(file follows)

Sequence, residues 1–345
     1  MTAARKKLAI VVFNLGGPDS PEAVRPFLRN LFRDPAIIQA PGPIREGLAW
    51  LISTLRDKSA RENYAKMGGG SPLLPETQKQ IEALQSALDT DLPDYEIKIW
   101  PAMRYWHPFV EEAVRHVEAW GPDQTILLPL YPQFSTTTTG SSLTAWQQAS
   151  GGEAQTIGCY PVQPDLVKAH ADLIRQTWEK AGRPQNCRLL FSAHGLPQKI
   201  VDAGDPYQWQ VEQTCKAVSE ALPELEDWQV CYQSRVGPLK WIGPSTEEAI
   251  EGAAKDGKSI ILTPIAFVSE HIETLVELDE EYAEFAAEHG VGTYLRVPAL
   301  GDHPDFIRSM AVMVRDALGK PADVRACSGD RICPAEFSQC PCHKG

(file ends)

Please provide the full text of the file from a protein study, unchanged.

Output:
Sequence, residues 1–345
     1  MTAARKKLAI VVFNLGGPDS PEAVRPFLRN LFRDPAIIQA PGPIREGLAW
    51  LISTLRDKSA RENYAKMGGG SPLLPETQKQ IEALQSALDT DLPDYEIKIW
   101  PAMRYWHPFV EEAVRHVEAW GPDQTILLPL YPQFSTTTTG SSLTAWQQAS
   151  GGEAQTIGCY PVQPDLVKAH ADLIRQTWEK AGRPQNCRLL FSAHGLPQKI
   201  VDAGDPYQWQ VEQTCKAVSE ALPELEDWQV CYQSRVGPLK WIGPSTEEAI
   251  EGAAKDGKSI ILTPIAFVSE HIETLVELDE EYAEFAAEHG VGTYLRVPAL
   301  GDHPDFIRSM AVMVRDALGK PADVRACSGD RICPAEFSQC PCHKG